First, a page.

Your daily dose of news stories in the world of intersectional feminism.
Monday 18th July 2022
Alcohol Is No Longer Banned in Aboriginal Communities in the Northern Territory
For the first time in 15 years, alcohol restrictions will be lifted in Aboriginal communities across the Northern Territory.
Back in 2007, the Howard government introduced the Northern Territory Intervention policy in an attempt to combat violence and sexual abuse within Aboriginal communities.
The Intervention led to to more police presence in Aboriginal communities, the ban of pornography, and 50% of welfare payments withheld from recipients.
For years First Nations activists have opposed this policy as it disempowered Aboriginal people and violated their human rights.
With the alcohol restrictions finally lifting, 32 town camps, 12 remote communities and 215 homelands and outstations will now be able to choose whether or not they want their communities to have access to alcohol.
Jaru woman and Top End health worker Marianne Skeen says she welcomes the change.
"I always advocate they should stop doing these interventions, stop doing stuff for us and let us be self-sufficient and run our own lives," she says, "basically, I’m sick and tired of the government stepping in."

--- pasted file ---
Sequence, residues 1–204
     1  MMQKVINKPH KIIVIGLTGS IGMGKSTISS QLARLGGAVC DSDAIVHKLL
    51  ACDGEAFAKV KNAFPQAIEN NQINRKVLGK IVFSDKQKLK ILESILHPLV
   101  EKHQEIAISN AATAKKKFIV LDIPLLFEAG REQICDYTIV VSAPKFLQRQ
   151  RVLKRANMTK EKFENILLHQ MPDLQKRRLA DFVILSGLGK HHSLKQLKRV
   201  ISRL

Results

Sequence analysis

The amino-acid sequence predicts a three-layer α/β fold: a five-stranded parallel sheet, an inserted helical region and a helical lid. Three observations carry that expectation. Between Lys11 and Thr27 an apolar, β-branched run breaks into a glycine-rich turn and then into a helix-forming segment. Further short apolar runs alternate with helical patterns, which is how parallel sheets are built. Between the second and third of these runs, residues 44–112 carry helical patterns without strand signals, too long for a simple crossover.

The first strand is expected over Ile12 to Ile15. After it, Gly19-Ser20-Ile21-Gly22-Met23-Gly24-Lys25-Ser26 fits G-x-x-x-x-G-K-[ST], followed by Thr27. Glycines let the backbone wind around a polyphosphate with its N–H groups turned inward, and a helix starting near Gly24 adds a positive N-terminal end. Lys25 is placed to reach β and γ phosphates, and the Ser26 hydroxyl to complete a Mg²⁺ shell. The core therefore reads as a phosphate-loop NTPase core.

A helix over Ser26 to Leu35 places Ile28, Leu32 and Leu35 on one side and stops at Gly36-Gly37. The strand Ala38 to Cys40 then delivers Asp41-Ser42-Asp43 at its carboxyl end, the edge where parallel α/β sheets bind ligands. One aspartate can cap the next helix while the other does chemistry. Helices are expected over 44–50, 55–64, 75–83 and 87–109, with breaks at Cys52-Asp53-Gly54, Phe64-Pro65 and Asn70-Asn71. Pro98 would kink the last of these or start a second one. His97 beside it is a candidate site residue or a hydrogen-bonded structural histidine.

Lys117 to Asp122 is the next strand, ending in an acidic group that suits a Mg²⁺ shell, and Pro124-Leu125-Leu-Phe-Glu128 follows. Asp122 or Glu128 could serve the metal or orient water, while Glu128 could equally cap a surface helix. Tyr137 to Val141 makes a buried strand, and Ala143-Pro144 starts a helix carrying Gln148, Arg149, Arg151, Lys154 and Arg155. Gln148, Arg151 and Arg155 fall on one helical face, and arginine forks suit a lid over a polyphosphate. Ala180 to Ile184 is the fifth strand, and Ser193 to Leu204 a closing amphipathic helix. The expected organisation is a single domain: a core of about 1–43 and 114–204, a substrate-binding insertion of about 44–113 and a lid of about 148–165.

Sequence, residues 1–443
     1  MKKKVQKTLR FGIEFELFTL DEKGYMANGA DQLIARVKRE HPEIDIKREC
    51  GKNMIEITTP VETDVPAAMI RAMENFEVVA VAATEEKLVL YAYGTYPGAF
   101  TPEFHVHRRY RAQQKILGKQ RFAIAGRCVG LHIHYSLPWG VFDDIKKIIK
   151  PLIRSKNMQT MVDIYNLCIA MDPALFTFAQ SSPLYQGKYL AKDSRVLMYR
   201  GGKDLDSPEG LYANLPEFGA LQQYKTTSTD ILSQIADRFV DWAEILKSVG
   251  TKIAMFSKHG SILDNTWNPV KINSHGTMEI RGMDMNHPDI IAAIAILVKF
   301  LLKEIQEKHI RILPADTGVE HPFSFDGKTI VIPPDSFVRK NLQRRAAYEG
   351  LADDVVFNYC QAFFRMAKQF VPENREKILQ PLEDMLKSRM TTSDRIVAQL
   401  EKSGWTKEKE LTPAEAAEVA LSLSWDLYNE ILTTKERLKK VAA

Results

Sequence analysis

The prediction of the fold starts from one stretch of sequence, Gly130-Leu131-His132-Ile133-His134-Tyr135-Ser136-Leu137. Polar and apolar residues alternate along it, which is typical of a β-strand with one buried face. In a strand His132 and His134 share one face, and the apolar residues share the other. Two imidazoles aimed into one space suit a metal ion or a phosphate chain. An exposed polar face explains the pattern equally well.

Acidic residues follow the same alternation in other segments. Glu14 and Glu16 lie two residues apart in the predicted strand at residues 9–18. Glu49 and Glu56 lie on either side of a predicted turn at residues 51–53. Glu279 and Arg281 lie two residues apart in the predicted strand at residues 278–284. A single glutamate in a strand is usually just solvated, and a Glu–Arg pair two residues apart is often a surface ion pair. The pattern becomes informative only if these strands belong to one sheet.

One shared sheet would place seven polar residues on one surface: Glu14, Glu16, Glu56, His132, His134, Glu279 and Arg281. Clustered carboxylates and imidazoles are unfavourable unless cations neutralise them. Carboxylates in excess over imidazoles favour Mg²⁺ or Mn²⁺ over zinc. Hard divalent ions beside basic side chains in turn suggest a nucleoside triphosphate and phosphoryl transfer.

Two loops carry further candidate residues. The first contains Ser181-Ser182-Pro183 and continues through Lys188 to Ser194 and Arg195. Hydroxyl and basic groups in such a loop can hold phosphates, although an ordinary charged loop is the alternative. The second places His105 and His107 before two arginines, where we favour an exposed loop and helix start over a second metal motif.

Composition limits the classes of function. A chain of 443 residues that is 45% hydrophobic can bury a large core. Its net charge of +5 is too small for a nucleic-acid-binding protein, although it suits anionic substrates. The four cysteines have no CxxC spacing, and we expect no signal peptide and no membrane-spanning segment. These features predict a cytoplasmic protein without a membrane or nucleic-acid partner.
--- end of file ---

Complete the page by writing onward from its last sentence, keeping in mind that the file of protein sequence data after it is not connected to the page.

Israeli Court Continues To Postpone Their Decision Regarding the Administrative Detention of Khalil Awawdah
For the past 137 days Khalil Awawdah has been on hunger strike in protest of his administrative detention.
Despite Khalil's deteriorating health, the Israeli military court of Ofar continue to ignore his demands and postpone any decision-making regarding his imprisonment.
Under international law, administrative detention is considered illegal.
Amnesty International has described the detention policy as a "cruel, unjust practice."
Israel continues to hold an estimated 680 Palestinians in administrative detention.
These Palestinians remain in detention without charge or trial for periods up to six months, which can be renewed indefinitely.
Reports indicate Israelis will often detain Palestinians based on "undisclosed evidence," that often cannot be viewed by the detainees and their lawyers.
Hundreds of Women In America Sue Uber
**Trigger Warning - This story discusses sexual assault, kidnapping and sexual harassment. If this story is triggering please contact 1800 RESPECT. **
Over 550 women are suing Uber after allegedly being assaulted by their drivers.
Slater Slater Schulman have filed a civil action suit against the ride-share app and will be representing the female passengers.
According to a statement released by the U.S law firm, the victims claim they were "kidnapped, sexually assaulted, sexually battered, raped, falsely imprisoned, stalked, harassed or otherwise attacked" by Uber drivers.
The lawyers claim Uber continues to "prioritise growth over customer service" and the company's response to assault allegations remain "slow and inadequate, with horrific consequences."